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BlizzCon 2019 Liveblog Designers at Work: World of Warcraft World Creation
02/11/2019 em 15:29
The Designers at Work: World of Warcraft World Creation panel is going live at BlizzCon 2019 and we're liveblogging the event! A team of World of Warcraft world builders and level designers give a live demonstration of how a zone is created, from concept to completion.
Panel includes Jim Chadwick and Gary Platner, Principal Level Designer, both at Blizzard for 20 years - oversee all the design of levels.
Theme for the panel is collaboration - we all work together and with other departments.
Level designers: Kyle Aronson, Senior Level Designer - At Blizzard since 2010, worked on Spires of Arak, Stormheim, Drustvar, and Nyalotha
Victor Cortis, Level Designer - In game industry for 10 years, last 5 at Blizzard, Worked on Stormheim, Freehold, Suramar.
Kristy Moret, Level Designer - Worked on Bee stuff for Stormsong!
What happens in the very beginning when building a zone?
What happens after that in iteration?
How does polishing a zone happen?
How do you get started on a zone? Kristy Moret
Using WoWEdit - in house software.
Chat with visual development and 3d environment team - they produce assets and textures which you can play around with.
Start with a 2D map for a zone that evolves really quickly into mapping from the 3D model.
This second map includes POIs, roads, etc. Done with quest designers who work together to communicate quest pathing with level design.
Simple 3D map created - you can play around with both real items, textures, and assets as well as simple notes and arrows, etc.
You can get down to player level for better information on how a zone works.
At this time it's easy to move things around and work on stuff without too much other stuff being affected.
How do you get started on a zone? Victor Cortis
Gets to work with key art - gets the mood of a zone.
We want to keep players interested so we add break up into the zones.
Needed to make subzones - doing big picture macro work. Using items and assets from old zones to just get ideas for placement of items in a new zone.
Have to keep in mind that players can get burned out just looking at the same thing over and over again. Looking for break up and variety.
But at the start, just using, for example, old Gilneas items in a new gothic zone until they get new assets.
Also does Terrain work - raise and lower terrain, etc.
They start by noticing where players will actually be moving and change the terrain accordingly before settling on final art assets for the zone.
How do you get started on a raid zone? Kyle Aronson
Making a raid is different than a zone, much more linear and more control over what player sees.
Theme and feel of Nyalotha was done with image from Chronicles book.
Uses untextured blockout pieces to build areas between assets, etc. Making sure the spaces are okay for pace of play in a raid zone.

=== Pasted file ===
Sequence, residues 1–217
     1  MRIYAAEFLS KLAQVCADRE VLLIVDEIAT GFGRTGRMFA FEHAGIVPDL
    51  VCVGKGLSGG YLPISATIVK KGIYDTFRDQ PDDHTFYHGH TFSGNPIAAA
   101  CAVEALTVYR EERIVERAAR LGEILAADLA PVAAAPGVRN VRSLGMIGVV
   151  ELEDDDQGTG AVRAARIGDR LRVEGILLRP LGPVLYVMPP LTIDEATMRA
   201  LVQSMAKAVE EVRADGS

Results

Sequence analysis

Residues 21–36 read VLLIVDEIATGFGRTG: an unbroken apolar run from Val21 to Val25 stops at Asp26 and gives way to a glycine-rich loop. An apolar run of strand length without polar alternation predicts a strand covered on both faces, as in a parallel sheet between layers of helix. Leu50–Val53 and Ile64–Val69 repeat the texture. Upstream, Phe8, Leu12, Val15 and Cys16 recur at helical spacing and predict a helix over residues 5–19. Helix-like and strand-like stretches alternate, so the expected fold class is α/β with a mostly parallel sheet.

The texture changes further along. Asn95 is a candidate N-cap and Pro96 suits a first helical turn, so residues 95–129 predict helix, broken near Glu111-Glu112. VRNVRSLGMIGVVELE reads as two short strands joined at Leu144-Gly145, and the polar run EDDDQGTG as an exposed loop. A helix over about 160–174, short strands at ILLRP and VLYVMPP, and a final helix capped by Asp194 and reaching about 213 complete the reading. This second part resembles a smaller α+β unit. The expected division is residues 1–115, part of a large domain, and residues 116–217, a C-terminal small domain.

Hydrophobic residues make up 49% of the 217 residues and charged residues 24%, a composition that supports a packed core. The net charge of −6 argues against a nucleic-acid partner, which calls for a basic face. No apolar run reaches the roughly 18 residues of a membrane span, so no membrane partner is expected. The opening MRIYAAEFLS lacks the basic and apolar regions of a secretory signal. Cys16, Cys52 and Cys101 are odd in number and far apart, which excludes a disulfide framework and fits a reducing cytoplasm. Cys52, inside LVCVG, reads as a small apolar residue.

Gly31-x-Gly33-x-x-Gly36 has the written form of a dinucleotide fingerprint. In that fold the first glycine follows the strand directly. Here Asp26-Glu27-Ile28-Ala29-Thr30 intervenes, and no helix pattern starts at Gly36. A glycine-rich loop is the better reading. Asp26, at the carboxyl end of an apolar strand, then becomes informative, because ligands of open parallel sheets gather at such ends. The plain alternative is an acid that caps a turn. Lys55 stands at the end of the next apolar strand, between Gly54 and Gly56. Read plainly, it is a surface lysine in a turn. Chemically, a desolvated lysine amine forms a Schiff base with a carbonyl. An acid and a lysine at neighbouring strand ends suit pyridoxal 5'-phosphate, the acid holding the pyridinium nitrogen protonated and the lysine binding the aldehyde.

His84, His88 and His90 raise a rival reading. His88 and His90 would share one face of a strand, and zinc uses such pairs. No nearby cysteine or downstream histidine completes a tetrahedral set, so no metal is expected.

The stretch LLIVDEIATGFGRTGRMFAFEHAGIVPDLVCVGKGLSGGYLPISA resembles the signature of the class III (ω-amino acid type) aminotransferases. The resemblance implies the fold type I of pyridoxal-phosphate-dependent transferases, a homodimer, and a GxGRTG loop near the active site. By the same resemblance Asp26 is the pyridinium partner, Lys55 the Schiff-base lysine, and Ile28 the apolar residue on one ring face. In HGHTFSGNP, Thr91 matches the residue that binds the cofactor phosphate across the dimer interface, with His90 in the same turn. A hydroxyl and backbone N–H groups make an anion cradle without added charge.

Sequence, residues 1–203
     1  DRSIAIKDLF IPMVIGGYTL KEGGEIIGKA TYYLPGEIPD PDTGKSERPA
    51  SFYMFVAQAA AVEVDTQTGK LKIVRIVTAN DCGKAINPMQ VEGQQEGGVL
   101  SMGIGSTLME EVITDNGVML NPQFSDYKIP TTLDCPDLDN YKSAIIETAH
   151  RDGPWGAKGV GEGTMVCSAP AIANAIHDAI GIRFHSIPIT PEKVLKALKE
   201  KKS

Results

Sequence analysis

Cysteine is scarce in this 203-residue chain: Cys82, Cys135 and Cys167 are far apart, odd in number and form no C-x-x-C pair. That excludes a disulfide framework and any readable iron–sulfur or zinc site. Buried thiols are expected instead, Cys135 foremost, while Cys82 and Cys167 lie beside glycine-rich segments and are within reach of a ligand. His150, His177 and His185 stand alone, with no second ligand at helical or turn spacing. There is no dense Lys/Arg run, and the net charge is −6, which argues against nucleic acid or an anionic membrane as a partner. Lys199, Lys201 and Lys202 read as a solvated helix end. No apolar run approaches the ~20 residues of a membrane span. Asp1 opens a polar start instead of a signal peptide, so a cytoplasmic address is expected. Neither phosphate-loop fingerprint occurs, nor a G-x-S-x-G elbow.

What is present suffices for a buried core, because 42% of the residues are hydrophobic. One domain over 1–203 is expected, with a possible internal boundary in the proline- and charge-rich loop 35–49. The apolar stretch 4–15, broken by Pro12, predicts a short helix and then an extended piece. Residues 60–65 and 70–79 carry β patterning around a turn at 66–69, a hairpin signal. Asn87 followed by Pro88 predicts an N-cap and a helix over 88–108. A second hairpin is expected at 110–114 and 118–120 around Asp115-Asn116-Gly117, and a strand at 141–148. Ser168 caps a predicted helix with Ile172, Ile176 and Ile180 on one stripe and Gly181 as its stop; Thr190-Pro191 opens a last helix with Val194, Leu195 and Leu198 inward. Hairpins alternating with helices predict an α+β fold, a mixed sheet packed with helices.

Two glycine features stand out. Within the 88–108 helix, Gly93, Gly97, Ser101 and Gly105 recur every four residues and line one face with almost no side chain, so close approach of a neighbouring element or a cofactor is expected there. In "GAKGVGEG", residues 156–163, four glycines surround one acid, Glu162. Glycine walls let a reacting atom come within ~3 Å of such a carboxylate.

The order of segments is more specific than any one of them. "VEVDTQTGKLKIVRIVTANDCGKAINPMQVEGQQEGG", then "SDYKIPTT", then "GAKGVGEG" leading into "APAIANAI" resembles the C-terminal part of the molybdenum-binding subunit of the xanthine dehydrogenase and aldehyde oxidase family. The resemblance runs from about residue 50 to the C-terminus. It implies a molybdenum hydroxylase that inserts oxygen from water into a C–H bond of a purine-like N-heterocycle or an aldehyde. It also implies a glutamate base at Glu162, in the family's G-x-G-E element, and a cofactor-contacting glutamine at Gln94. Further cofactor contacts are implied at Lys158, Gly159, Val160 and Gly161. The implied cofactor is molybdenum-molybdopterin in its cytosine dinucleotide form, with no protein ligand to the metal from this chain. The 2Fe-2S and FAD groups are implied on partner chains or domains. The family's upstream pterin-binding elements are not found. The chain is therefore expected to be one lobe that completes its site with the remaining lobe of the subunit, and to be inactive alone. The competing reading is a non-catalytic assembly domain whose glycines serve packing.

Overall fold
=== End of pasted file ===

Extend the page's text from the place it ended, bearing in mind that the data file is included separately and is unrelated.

What's the next step? Kristy Moret
Filling up the smaller spaces with details like Spider Webs - iteration with the quest design team.
Quests ended up being influenced by the level designer.
Using assets and items to move players into the spaces.
Using level design to indicate if a path is safe or not.
Using buildings, etc as center pieces of quests.
This mid level detail step is where they spend the most time.
What's the next step? Victor Cortis
Looking for context where we can place assets.
Making sure a zone isn't too busy but that context fits.
Down to moving around details like trees and bushes. Players are good at noticing when something feels off.
Every detail like this is done by hand.
Textures are limited to 4 per smaller area, to get the most bang for your buck when it comes to textures.
What's the next step? Kyle Aronson
Nyalotha - running through it with encounter team and feedback from all departments
He got feedback that it felt weird being on the platforms all the time
Pulled terrain from a mountain and added it to the paths and areas to break up the platform walking - using the Ramp Tool
Have to make sure places where players can go is actually runable i.e. not too steep.
How do you polish a zone? Kristy Moret
Polish is very fun - at the players level and finding all the neat things you show them.
Game view mode adds lighting, weather, shadows, etc.
Starts with road polish first - wants to make sure guidance is set.
Depth is added with color painted over terrain textures.
Work with quest design to make sure the function of a quest is actually supported by the zone development i.e. holes in the ground where a player would be walking for a quest.
A zone developer might see one way to walk to a building but the quest designer might play it another way.
How do you polish a zone? Victor Cortis
Making sure all the nooks and crannies look right
Light and shadow are very important.
Example of inserting a point of light, makes it feel alive
How do you polish a zone? Kyle Aronson
All ramps, etc are textured.
So much to do once you have a zone set in terms of polish - you put the pieces together and then make it look more detailed and alive.
Nyalotha used rocks from AB and gross items from Underrot, painted it purple.
Polish is things like making a lava fall way more detailed and alive looking.
Q: How do you avoid overwriting other level editors work?
A: Mark it clearly or lock it out. Although accidents do happen.
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